Top 5 VC Success Stories


OK, lets say up front that this isn't a comprehensive list. These are just five examples of big brands that took advantage of early-stage VC to go global. It’s a snapshot because there aren't many IT, software or biotech firms today that don't have VC in their genes. But founders aim for the stars so this is what can be achieved when you’ve got the backing and nous behind you.

 

Fairchild Semi-Conductor

You may not have heard of this company (founded in 1957) but it’s possibly one of the world’s most influential as it developed the use of silicon in electronic technology. Silicon revolutionised computing by being plentiful and cheap to process, and this development essentially enabled the explosion of personal computing.

Fairchild was backed by Venrock Associates, one of the early movers in VC (founded by the Rockefeller family) in the late 1950s and is today worth around $1.5 billion. History no doubt would value it much higher.

 

Apple Inc.

Steve Jobs and Steve Wozniak started selling the Apple I to some curious tech-heads and geeks in 1976 for $666.66. These days, the company has built on that modest beginning and sells everything tech to everybody.  Apple is now the world's biggest company by market capitalisation, with a value at around $450 billion. 

To get from being a beardy, nerd-fest item to being the coolest company on the planet, the big fruit needed help. The early investment into the company was a fairly informal Hail-Mary from the deep-pocketed Mike Markkula in the late 1970s. But this investigation shows that Venrock also had a hand in what may well be the most successful VC investment of all time.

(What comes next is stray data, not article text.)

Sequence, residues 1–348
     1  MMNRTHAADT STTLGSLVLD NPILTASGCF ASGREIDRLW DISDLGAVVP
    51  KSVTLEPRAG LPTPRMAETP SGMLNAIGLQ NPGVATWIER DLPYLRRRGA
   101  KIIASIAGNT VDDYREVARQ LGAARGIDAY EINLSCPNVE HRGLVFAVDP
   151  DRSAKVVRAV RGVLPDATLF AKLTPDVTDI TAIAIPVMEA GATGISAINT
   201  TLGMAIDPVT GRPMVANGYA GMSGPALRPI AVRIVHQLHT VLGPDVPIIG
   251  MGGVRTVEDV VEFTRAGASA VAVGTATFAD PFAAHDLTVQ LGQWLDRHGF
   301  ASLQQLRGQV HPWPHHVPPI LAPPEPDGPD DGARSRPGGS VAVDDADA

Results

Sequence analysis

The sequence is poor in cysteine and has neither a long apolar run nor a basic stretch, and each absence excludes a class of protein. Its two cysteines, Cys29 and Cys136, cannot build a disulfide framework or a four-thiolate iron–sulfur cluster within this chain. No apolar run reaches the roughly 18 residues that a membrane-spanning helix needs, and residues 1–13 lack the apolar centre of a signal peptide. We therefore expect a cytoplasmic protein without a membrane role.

Twitter

In March, 2006, Jack Dorsey sent a message on his mobile: “Just setting up my twttr”. It was the first tweet. How many hundreds of millions have done the same since, and how many billions of messages have been sent is anybody’s guess, but the little blue bird has become one of the most recognisable and prevalent marques worldwide. Revenue in 2013 was around $700 million.

As this breakdown shows, Twitter had VC on board pretty much every step of the way. From its first outreach in 2007, reaping $5 million in startup investment (just as one startup could in The Big Pitch), Twitter's seven primary investment rounds since have been ever more hotly contested and newsworthy. And fully subscribed.

It's an experience that co-founder and CEO Jack Dorsey learned a lot from and this link has some really interesting grabs on Twitter's VC process.

 

Facebook

If you've seen the movie “The Social Network”, you know how the story allegedly goes; Mark Zuckerberg was a run-of-the-mill student at Harvard when he and some friends started a site to compare dateable girls on campus. In a year or so, thefacebook.com had generated enough interest – and publicity controversy – to attract VC mavens like Peter Theil (Paypal co-founder) and Jim Breyer. 

By 2012, the company had dropped the 'the' and was ready to list. It was valued at $US104 billion, then the highest IPO ever. That market valuation is now at around $140 billion. The site currently attracts something like 1 billion users every month, regularly making it the world's most visited site. 

 

Dropbox

Unlike the others here, the best bits of the Dropbox story are likely still to come. Started by Drew Houston and Arash Ferdowski in 2007, the file sharing and storage service is now the chosen device for many in this high growth area. When the funders dropped out of college to develop the service, they soon drew VC seed funding from Y Combinator. In 2008, VC bigwigs Sequoia hopped on board and in 2009 fellow heavyweights Accel moved in for Series A funding. 

Over $1US billion has been raised as Dropbox moves ahead apace with continuing investment from the above-mentioned VC players and others, like Blackrock. 

 

Sometimes seen as new kids on the block, VC has been at the foundation of some of the world's most iconic brands and developments. For today's start-ups, the good news is that the industry is still growing and looking for opportunities.